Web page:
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Mol Cell. 2007 Dec 28;28(6):1045-57.

Distinct roles of chromatin-associated proteins MDC1 and 53BP1 in mammalian double-strand break repair.

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Department of Medicine, Harvard Medical School and Beth Israel Deaconess Medical Center, 330 Brookline Avenue, Boston, MA 02215, USA.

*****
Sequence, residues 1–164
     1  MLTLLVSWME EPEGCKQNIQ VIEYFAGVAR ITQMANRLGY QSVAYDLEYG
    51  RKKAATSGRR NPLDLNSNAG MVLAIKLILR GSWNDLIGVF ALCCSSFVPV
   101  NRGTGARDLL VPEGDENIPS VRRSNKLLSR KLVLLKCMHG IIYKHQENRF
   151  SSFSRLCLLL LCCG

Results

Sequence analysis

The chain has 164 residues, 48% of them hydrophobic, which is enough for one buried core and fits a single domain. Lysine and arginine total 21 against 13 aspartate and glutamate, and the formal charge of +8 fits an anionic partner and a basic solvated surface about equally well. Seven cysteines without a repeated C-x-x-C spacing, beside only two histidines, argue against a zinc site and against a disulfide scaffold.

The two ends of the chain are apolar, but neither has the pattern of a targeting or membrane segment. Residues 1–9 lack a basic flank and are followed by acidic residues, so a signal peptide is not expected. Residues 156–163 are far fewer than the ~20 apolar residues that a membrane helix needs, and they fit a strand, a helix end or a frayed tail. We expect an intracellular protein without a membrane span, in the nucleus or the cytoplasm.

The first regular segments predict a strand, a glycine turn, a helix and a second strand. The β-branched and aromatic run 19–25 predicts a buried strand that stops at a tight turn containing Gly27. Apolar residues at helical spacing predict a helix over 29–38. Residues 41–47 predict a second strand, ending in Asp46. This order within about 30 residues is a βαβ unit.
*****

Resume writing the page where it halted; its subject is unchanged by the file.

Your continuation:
Phosphorylated histone H2AX ("gamma-H2AX") recruits MDC1, 53BP1, and BRCA1 to chromatin near a double-strand break (DSB) and facilitates efficient repair of the break. It is unclear to what extent gamma-H2AX-associated proteins act in concert and to what extent their functions within gamma-H2AX chromatin are distinct. We addressed this question by comparing the mechanisms of action of MDC1 and 53BP1 in DSB repair (DSBR). We find that MDC1 functions primarily in homologous recombination/sister chromatid recombination, in a manner strictly dependent upon its ability to interact with gamma-H2AX but, unexpectedly, not requiring recruitment of 53BP1 or BRCA1 to gamma-H2AX chromatin. In contrast, 53BP1 functions in XRCC4-dependent nonhomologous end-joining, likely mediated by its interaction with dimethylated lysine 20 of histone H4 but, surprisingly, independent of H2AX. These results suggest a specialized adaptation of the "histone code" in which distinct histone tail-protein interactions promote engagement of distinct DSBR pathways.

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